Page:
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In emergencies, surveillance is often done for specific diseases. Most commonly, diseases of two types are included in surveillance:
- Those which cause substantial morbidity and/or mortality and need to be controlled, such as malaria, viral diarrhoea, pneumonia (also called lower respiratory infection, or LRI), etc.
- Those which can occur in rapidly developing outbreaks which may cause substantial morbidity and/or mortality, such as measles, meningitis, yellow fever, cholera, etc.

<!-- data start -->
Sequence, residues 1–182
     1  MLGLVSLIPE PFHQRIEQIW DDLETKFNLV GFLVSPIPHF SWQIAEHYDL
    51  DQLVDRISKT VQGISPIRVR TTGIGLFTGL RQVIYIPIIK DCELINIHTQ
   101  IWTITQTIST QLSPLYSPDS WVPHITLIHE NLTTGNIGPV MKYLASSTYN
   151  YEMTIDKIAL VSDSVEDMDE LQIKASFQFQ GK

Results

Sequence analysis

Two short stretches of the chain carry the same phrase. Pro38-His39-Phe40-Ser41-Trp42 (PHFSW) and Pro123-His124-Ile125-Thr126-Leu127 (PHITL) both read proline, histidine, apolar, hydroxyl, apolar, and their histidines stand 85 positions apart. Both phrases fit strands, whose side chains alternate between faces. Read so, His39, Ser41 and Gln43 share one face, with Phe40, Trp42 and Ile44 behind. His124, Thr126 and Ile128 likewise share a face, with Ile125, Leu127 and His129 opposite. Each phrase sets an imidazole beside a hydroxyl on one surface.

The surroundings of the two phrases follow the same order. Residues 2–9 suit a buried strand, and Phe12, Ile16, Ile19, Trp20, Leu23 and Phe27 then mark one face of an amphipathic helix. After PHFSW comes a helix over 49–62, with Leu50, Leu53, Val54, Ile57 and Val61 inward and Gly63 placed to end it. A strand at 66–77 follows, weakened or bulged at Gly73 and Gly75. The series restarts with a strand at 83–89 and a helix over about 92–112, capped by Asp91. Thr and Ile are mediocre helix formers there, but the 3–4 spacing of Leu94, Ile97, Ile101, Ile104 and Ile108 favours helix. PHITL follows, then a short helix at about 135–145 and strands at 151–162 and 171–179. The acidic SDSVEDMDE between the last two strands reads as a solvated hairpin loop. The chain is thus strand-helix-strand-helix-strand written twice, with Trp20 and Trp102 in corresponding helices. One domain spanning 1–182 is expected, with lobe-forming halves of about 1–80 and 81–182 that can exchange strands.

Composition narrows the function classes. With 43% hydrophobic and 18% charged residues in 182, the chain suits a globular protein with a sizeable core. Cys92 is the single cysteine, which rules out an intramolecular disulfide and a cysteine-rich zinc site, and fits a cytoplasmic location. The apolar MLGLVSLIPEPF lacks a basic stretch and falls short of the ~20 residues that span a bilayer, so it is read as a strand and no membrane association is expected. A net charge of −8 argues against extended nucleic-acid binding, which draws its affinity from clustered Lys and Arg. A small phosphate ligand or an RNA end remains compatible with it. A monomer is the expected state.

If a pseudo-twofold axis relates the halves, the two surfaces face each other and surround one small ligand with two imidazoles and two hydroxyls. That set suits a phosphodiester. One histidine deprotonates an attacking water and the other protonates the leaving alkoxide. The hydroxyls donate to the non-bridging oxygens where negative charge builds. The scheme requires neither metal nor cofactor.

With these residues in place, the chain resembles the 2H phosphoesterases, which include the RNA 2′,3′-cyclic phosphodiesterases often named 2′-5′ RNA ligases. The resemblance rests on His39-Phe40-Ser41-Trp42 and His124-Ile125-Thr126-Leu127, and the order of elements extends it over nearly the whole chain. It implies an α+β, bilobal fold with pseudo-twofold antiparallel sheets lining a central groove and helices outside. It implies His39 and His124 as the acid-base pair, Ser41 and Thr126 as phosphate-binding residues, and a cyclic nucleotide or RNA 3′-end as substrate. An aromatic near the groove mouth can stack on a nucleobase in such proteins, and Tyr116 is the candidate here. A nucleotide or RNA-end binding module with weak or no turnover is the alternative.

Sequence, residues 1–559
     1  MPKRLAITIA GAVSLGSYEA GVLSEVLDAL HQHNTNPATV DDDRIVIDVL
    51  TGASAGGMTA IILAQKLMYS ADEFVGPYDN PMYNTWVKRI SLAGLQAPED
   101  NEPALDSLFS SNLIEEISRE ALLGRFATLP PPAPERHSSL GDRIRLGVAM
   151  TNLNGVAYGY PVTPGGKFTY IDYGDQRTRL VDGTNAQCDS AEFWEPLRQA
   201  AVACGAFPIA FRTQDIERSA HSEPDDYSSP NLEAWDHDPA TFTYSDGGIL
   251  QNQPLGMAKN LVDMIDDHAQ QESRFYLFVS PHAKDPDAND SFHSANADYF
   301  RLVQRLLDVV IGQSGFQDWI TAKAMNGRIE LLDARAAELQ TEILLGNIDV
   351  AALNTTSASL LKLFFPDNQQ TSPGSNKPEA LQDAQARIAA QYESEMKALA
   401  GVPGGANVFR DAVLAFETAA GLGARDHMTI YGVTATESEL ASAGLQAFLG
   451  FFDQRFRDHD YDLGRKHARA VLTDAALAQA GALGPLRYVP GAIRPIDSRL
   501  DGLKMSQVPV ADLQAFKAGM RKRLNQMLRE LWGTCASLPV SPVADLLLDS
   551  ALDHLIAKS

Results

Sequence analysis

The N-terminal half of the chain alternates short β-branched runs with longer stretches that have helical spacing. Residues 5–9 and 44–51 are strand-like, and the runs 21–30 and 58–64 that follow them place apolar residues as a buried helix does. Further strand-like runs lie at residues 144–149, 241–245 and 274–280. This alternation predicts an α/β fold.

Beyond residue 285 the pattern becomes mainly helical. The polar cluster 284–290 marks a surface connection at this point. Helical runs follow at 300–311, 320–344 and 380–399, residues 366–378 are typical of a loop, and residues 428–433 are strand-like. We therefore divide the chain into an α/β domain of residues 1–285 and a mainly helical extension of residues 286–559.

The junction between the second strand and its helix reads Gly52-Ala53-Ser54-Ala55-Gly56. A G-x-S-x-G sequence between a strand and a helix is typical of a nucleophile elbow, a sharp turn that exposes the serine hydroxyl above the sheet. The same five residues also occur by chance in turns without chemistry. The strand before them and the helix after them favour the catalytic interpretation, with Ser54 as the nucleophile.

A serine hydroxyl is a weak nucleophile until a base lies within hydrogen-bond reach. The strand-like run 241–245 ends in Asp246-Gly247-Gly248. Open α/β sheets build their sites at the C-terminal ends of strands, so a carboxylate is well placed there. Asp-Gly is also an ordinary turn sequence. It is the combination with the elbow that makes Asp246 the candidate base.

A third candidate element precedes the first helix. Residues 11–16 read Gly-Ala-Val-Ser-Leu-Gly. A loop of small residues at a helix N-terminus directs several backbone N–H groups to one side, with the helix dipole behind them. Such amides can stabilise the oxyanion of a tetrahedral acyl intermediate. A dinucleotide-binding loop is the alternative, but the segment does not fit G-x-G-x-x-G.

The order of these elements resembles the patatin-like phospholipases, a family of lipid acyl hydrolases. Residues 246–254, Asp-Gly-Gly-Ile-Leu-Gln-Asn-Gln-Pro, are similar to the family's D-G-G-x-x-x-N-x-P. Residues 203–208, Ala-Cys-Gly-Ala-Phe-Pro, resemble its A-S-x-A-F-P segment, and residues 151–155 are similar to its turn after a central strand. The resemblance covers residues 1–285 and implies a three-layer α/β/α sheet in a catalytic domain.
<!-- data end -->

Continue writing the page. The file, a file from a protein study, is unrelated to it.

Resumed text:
A typical surveillance form completed by health care workers in clinics might look like this:
This form is much simpler than the forms for communicable diseases used in developed countries or in stable populations because:
- Health workers generally do not have access to laboratory facilities; their diagnoses are based only on clinical signs and symptoms and,
- Health workers are often very busy and do not have time to collect much data on each patient.
Health workers merely put a tick in the appropriate box to record each patient. As a result, public health authorities who analyze the data can only count the number of cases for each age and sex group. They know nothing about each individual case.